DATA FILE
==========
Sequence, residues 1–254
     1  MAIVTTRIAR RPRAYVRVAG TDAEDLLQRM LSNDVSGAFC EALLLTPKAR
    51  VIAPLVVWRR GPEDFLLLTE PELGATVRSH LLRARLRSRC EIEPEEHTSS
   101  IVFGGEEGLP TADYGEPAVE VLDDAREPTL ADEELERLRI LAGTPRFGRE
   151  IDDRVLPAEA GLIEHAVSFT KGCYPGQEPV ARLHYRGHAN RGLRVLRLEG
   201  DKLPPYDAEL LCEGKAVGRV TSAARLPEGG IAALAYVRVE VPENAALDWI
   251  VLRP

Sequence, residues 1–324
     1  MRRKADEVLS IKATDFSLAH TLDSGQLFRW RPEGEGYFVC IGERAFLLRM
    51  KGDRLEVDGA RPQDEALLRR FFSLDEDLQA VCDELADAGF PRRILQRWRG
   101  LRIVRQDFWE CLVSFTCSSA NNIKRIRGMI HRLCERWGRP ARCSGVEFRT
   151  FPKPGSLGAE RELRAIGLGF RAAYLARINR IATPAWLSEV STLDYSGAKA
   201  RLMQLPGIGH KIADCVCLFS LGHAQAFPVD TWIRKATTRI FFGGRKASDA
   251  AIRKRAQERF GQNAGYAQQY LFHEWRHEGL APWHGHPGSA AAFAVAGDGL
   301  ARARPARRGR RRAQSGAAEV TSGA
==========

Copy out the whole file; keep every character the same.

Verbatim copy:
Sequence, residues 1–254
     1  MAIVTTRIAR RPRAYVRVAG TDAEDLLQRM LSNDVSGAFC EALLLTPKAR
    51  VIAPLVVWRR GPEDFLLLTE PELGATVRSH LLRARLRSRC EIEPEEHTSS
   101  IVFGGEEGLP TADYGEPAVE VLDDAREPTL ADEELERLRI LAGTPRFGRE
   151  IDDRVLPAEA GLIEHAVSFT KGCYPGQEPV ARLHYRGHAN RGLRVLRLEG
   201  DKLPPYDAEL LCEGKAVGRV TSAARLPEGG IAALAYVRVE VPENAALDWI
   251  VLRP

Sequence, residues 1–324
     1  MRRKADEVLS IKATDFSLAH TLDSGQLFRW RPEGEGYFVC IGERAFLLRM
    51  KGDRLEVDGA RPQDEALLRR FFSLDEDLQA VCDELADAGF PRRILQRWRG
   101  LRIVRQDFWE CLVSFTCSSA NNIKRIRGMI HRLCERWGRP ARCSGVEFRT
   151  FPKPGSLGAE RELRAIGLGF RAAYLARINR IATPAWLSEV STLDYSGAKA
   201  RLMQLPGIGH KIADCVCLFS LGHAQAFPVD TWIRKATTRI FFGGRKASDA
   251  AIRKRAQERF GQNAGYAQQY LFHEWRHEGL APWHGHPGSA AAFAVAGDGL
   301  ARARPARRGR RRAQSGAAEV TSGA